London, England’s newest urban farm proves that with the right equipment, you can grow food just about anywhere.
The 1,805-square-foot carbon-neutral project has one of the strangest locations of any city horticulture project. It’s located 115 feet below a busy South London street, inside a sprawling World War Two air raid shelter. The new farm, run by the company Growing Underground, opened its doors to the press for the first time this week and will release its first crops onto the market later this month.
The methods Growing Underground uses to grow food on this unlikely site are ingenious, but already familiar. The company uses hydroponic techniques to create pesticide-free crops—typically green herbs and salad leaves such as pea shoots, coriander, and red amaranth. The plants grow on mats made from recycled carpet, watered mechanically and lit by ultraviolet light itself powered by renewable electricity sources. This might sound expensive, but in the U.K. at least, the sort of crops Growing Underground specializes in are already mostly grown hydroponically.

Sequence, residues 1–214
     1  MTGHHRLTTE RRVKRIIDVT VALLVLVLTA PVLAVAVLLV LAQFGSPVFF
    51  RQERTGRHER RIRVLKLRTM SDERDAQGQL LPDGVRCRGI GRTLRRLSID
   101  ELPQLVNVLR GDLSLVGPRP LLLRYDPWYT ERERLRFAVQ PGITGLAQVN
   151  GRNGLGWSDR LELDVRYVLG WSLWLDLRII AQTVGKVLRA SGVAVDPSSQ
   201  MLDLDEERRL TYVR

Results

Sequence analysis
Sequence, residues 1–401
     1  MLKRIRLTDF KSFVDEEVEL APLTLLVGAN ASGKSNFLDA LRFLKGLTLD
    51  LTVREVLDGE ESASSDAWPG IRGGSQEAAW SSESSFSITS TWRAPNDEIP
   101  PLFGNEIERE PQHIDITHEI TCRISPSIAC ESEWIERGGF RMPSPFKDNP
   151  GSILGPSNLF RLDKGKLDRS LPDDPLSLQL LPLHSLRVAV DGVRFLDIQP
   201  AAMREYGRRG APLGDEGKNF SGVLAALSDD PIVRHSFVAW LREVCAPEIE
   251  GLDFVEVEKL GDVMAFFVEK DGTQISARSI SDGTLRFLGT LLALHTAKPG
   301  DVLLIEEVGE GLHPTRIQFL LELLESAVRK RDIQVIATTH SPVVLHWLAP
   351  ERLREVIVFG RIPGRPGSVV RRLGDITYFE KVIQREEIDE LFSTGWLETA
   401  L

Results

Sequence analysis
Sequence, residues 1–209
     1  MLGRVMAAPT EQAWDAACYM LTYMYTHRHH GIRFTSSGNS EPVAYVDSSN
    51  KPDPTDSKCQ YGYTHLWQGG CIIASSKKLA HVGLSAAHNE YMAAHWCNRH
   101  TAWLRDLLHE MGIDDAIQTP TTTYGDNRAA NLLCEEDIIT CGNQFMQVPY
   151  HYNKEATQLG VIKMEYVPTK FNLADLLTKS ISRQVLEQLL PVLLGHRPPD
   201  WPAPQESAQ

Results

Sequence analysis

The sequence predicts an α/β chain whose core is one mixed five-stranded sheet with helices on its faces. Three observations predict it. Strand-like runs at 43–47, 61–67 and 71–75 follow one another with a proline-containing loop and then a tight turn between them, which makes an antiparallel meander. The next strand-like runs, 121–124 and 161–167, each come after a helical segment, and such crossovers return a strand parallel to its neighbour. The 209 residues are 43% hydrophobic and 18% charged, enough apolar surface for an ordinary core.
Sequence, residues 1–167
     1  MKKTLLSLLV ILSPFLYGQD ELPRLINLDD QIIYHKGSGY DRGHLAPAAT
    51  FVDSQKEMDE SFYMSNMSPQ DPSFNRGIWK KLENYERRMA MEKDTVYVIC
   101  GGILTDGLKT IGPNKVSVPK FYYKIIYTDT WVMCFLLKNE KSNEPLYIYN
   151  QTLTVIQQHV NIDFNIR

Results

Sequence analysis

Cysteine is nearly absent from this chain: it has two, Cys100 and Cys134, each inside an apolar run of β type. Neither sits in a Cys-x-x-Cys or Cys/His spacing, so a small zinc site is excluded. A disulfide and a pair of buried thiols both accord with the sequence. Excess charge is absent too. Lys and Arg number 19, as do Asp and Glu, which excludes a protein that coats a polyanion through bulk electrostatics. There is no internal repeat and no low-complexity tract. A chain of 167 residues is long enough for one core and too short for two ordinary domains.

It’s the location that makes the project so striking. Located extremely close to Central London (and barely more than a mile from London’s wholesale produce market at New Covent Garden), the farm can get its crops onto restaurant plates within four hours of being harvested, which is both a boost to freshness and a fuel saver.
“We’re fine-tuning some of the smaller details but basically ours is a model you could take to pretty much any brownfield site. You could put it in old disused mines, you could put in underground—anywhere in the world where you need to grow food,” says Growing Underground’s horticultural director , Chris Nelson.
[Photo credit: Growing Underground]